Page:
After an eight-year tenure, Dr. George Ross will resign from the presidency at Central Michigan University in July.
Ross, who became the university’s 14th president in 2010, made the announcement Monday on the university’s website, stating that after months of contemplation, becoming a grandfather in December triggered the decision.
“It did touch me in a certain way,” Ross told Diverse in an interview. “If I wasn’t sure before, I was sure then. It’s time.”
An expert in higher education administration, Ross is the 14th president of Central Michigan and held the position since 2010. He previously served at Alcorn State University from 2008 to 2010. Before that, he worked in other executive roles at universities across the country, including Clark Atlanta University, University of Tennessee at Chattanooga and Tuskegee University.
Ross said one of his greatest accomplishments has been the opening of the Central Michigan University College of Medicine. Starting in 2010, he oversaw the design of curriculum, the recruitment of students and the hiring of faculty and staff. The medical school’s inaugural class of 62 students entered in 2013 and graduated in 2017. Ross proudly noted that every graduate attained residencies in the United States.
Apart from his presidency, Ross has served on committees for the American Association of State Colleges and Universities, or AASCU. He also chairs the board of the Central Michigan University Research Corporation and is a board member of the Michigan College Access Network.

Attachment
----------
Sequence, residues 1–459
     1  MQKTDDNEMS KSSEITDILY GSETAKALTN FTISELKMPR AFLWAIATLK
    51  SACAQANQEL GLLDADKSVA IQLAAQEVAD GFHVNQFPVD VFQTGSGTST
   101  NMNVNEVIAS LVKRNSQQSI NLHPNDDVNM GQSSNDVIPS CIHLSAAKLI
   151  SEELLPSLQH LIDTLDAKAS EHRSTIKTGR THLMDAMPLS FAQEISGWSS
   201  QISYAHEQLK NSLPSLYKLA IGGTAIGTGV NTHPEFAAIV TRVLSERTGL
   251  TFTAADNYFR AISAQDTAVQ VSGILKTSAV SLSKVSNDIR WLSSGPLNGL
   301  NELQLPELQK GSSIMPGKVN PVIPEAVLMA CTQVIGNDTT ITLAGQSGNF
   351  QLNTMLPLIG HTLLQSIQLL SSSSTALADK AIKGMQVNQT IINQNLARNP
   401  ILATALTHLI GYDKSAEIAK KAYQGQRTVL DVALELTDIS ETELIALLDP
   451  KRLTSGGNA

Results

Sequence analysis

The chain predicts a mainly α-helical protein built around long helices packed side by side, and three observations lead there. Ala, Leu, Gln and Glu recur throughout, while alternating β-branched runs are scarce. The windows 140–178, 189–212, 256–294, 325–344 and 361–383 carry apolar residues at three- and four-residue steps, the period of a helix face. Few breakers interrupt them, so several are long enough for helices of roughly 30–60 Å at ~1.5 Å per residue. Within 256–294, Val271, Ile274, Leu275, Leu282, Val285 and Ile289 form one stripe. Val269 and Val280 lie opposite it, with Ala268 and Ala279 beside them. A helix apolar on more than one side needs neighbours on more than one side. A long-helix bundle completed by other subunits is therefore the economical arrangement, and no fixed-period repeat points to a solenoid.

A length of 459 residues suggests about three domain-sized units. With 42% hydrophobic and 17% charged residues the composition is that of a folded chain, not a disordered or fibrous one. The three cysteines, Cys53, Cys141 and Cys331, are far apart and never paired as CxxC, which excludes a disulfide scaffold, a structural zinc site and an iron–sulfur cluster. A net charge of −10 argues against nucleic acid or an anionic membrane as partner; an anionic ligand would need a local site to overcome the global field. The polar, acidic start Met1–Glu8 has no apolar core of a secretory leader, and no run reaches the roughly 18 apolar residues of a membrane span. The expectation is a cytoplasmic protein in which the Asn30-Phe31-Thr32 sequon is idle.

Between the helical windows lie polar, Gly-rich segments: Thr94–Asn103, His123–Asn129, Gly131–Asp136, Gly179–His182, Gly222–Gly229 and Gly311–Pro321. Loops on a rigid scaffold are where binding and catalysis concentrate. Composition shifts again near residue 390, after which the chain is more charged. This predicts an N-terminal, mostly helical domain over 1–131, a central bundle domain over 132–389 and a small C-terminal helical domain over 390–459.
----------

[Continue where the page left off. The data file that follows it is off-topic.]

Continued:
Before administration, Ross was an associate professor of accounting at Chattanooga and Central Michigan. He plans to eventually return to the life of faculty after stepping down from the presidency.
“I’m going to get some rest, first of all,” he said. “I’m looking forward to more time with my family and with my new grandson.”
He also hopes to begin a book project about the work he has done at six universities.
“At some point, I’ll probably write that book I’ve been talking about writing for the past 25 years,” he said.
As of now, he imagines it will be a series of essays based on his experiences as a president and chief financial officer in higher education.
“I love to tell stories,” he said. “I’ve had some experiences, some good, some challenging. I’ve also met some interesting people and some outstanding students.”
In the short term, Ross intends to assist in an ongoing fundraising campaign at the university and facilitate the transition to a new president.
Asked what advice he might offer his successor, Ross said he suggests that the new president be himself or herself while embracing the Central Michigan community.
“I would encourage them to help our faculty, our students, our staff and our alumni see themselves as part of CMU’s mission and future,” he said. “Nothing gets done on a university campus by a president alone.”